Invasive Treatments for CSF Leak: This form of treatment becomes necessary when there is no improvement seen with conservative treatments. An invasive treatment involves performing an epidural blood patch. This is a procedure in which blood of the patient is used to patch up the area of the dural tear to plug the leak. Approximately, 25 mL of the patient’s blood is taken and injected in the space around the area of the tear. This procedure is generally successful but is not optimal for all types of CSF leaks.[2]

According to a study done in 2016 where the success rate of an epidural patch for CSF leaks was analyzed, a group of people were divided into two where one group had CSF leak due to medical procedure and the other group there was no identifiable cause for the leak. The study showed that 91% of people with CSF leak due to medical procedure required just one epidural patch to successfully cure the leak. However, in the other group only 40% experienced full recovery and the others required additional treatments.[2]

Surgery for CSF Leak: A surgery is normally recommended for people where a CSF leak does not heal on its own and all other forms of conservative and invasive treatments are deemed to be ineffective. Surgery is also recommended in cases where a blood clot or a herniated brain tissue is responsible for the CSF leak. People with meningitis as a result of CSF leak also are recommended surgical treatments to deal with the leak.[2]

The surgery involves repairing the tear in the dural matter with suturing or stitching to plug the leak and prevent any further CSF leak. The repair of the tear is either done using an endoscopic or an open approach.[2]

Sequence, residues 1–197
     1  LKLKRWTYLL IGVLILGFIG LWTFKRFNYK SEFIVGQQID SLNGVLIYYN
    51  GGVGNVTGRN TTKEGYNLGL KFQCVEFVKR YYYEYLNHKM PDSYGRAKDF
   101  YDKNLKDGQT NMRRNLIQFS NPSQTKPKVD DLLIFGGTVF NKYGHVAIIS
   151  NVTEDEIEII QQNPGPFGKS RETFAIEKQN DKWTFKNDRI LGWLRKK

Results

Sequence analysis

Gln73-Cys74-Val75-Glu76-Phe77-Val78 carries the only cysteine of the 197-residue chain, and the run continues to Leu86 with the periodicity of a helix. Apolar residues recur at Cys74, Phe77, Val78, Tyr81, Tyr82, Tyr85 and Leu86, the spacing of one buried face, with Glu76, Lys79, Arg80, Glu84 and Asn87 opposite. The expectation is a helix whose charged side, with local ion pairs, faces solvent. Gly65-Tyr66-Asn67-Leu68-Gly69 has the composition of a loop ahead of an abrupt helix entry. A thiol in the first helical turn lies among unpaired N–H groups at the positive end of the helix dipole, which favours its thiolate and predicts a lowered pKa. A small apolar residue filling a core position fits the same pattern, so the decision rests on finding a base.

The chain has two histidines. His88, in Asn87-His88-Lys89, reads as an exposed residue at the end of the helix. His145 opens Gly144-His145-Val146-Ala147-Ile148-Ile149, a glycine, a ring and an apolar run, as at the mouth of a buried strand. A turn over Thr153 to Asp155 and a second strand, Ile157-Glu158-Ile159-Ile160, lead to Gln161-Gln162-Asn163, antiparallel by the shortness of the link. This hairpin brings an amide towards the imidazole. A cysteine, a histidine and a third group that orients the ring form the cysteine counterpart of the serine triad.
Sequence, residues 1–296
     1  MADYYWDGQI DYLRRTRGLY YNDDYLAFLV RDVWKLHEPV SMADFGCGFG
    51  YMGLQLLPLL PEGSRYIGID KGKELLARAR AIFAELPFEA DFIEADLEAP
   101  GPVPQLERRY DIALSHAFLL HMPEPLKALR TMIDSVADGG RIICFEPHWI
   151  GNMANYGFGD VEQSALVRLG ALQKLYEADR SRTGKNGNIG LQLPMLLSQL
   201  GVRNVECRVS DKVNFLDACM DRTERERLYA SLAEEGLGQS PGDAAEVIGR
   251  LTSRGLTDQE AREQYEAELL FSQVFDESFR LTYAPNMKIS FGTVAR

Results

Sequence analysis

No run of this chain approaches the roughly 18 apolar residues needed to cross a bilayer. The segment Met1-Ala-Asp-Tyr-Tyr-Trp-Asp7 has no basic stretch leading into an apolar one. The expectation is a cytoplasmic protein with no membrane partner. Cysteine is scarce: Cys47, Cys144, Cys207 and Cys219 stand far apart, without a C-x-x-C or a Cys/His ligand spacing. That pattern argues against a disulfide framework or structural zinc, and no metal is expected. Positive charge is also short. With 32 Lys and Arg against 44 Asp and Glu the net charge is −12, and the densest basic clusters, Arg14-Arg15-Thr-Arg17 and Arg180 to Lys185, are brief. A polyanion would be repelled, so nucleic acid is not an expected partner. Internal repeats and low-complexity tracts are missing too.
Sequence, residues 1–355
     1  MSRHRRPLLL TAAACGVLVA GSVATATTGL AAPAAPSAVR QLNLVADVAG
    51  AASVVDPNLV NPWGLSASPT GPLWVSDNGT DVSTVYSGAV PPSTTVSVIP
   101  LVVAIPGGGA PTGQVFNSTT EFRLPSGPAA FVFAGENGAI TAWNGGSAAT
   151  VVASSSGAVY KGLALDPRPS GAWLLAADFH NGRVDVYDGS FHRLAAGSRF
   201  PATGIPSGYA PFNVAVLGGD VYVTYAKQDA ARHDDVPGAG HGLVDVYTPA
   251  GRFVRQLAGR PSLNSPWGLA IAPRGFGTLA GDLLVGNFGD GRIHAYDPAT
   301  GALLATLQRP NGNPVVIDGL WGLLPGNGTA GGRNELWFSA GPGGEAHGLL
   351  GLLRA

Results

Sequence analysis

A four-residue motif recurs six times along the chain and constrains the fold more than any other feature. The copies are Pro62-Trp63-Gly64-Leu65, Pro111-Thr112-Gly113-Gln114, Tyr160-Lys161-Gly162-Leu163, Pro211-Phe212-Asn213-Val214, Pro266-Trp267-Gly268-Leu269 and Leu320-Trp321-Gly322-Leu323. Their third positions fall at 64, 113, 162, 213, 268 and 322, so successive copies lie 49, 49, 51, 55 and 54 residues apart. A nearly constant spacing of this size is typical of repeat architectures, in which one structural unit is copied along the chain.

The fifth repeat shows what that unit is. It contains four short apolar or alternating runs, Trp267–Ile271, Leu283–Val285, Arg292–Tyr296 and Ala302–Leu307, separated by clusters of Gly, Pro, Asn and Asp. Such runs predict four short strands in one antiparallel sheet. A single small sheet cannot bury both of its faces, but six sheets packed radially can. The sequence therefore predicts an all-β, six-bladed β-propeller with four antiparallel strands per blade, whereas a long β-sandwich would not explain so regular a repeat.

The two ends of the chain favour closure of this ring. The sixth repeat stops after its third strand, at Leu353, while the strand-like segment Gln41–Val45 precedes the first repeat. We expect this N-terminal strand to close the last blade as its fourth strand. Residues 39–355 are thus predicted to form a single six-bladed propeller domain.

An endoscopic approach is effective in treating CSF leaks that occur due to a tear in the dura mater in the front of the head causing the fluid to leak from the nose. In this procedure, an endoscope is passed through the nose to the area of the tear which is repaired by tools passed through this endoscope.[2]

An open approach is taken if the CSF leak causes fluid to drain from the ears. The procedure involves making an incision in the scalp, identifying the tear and repairing it. The success rates of both of these approaches are quite similar even though endoscopic repair has far less risk associated with it than the more traditional open approach towards treatment of a CSF leak. A study shows that both endoscopic and open approaches for treating CSF leaks have an approximately 90% success rate.[2]

To summarize, CSF is a clear fluid rich in proteins and glucose that encompasses the brain and is present within the spinal cord. It protects and cushions the brain and spinal cord. A CSF leak occurs when there is a tear in the tissue called the dural mater that surrounds the brain causing the fluid to seep through the tear and drain out from the nose and ears. At times, it also enters other parts of the body as well.[1, 2]

Severe headaches when sitting upright is the most common sign of a CSF leak along with persistent drainage of clear fluid from the ears and nose. A CSF leak requires emergent medical attention and delay in treatment can be detrimental to the functioning of the brain. CSF leaks can be treated conservatively, through an invasive approach, or surgically. The details of all the approaches have been mentioned above. Studies have shown about 90% success rate in the treatment of people with CSF Leak.[1, 2]

References: